The business-for-sale market is just as frustrating for buyers as it is for sellers these days. There are lots of buyers who want to own a table tennis equipment and supplies business, but have limited capital to get their foot in the door.
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The economy hasn't squashed the market for table tennis equipment and supplies businesses. Like always, unprofitable and poorly positioned businesses struggle to find buyers while sellers who have invested time and effort to prepare their sale are being rewarded in the marketplace.
Hoping for a quick table tennis equipment and supplies business sale? You may be disappointed. Although asking price and other factors contribute to sale time, it's difficult to predict how long your business will be on the market before you locate the right buyer. Before you can list your table tennis equipment and supplies business, you'll need to invest as much as a year in preparing it for prospective buyers. In a good market, an attractive table tennis equipment and supplies business can sell in as little as a few months, although it can take more than a year to find the right buyer after the business is listed.
Selecting a Broker
Good business brokers inevitably produce better business sales. In the table tennis equipment and supplies business industry, experience is a must-have characteristic for qualified brokerage. The chemistry you have with your broker is a consideration. If you don't connect with a specific broker, move on to someone else - even if the first broker looks great on paper.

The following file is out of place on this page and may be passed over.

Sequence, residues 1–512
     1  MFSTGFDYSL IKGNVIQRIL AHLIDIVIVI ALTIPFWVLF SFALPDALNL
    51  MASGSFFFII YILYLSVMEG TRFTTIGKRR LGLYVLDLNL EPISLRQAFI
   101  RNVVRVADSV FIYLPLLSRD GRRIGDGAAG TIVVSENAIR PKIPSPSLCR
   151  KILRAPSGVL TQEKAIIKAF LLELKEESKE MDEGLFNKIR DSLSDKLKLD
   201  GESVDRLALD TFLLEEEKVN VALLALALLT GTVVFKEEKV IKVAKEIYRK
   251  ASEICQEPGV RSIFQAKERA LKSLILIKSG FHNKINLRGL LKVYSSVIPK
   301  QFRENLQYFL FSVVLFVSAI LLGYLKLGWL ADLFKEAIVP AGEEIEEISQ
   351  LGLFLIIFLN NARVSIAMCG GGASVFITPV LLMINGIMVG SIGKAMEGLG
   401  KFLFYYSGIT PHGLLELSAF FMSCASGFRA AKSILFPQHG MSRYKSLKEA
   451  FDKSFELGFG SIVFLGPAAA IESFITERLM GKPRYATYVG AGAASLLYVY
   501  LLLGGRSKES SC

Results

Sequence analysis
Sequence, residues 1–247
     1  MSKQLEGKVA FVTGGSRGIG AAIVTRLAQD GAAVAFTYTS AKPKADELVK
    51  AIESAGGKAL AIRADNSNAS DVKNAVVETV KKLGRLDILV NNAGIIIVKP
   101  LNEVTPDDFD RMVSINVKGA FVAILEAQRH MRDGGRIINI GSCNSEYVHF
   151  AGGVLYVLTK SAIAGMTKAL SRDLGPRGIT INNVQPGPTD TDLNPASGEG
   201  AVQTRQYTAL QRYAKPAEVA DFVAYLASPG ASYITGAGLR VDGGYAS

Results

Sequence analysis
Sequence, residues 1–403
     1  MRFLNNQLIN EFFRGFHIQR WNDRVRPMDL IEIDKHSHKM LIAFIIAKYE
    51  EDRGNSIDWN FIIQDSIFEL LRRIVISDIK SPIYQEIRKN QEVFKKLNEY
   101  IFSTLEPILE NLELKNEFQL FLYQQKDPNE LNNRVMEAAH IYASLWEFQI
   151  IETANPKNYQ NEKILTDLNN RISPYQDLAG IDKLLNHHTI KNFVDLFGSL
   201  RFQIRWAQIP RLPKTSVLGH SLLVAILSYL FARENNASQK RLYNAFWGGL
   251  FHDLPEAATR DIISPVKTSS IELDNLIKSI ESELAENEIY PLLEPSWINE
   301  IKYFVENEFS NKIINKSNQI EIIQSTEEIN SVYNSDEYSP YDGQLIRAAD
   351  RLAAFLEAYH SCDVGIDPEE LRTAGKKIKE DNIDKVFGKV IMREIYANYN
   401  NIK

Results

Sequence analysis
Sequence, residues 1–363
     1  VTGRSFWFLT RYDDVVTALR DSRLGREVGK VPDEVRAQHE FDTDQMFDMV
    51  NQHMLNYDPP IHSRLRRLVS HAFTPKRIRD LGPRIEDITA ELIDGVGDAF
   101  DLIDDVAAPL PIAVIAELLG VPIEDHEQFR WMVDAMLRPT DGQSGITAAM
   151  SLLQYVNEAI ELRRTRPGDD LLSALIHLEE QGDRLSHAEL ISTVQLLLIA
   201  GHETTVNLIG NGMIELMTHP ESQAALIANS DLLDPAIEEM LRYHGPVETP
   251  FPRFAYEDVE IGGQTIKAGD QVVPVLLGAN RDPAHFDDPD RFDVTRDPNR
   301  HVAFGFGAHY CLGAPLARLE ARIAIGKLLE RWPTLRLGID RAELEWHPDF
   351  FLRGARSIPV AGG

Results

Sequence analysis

How to Skillfully Address Buyer Concerns
It's a common scenario: in an effort to perform a thorough due diligence process, buyers flood table tennis equipment and supplies business sellers with questions and requests, often to the point of becoming a nuisance. The questions table tennis equipment and supplies business ask during due diligence are designed to alleviate their concerns about the business and should be promptly addressed by the seller. Avoid answering buyer concerns with vague generalities. Instead, be as specific as possible, even if it means doing additional research before offering a response. If due diligence drags on too long, your broker may need to intervene.
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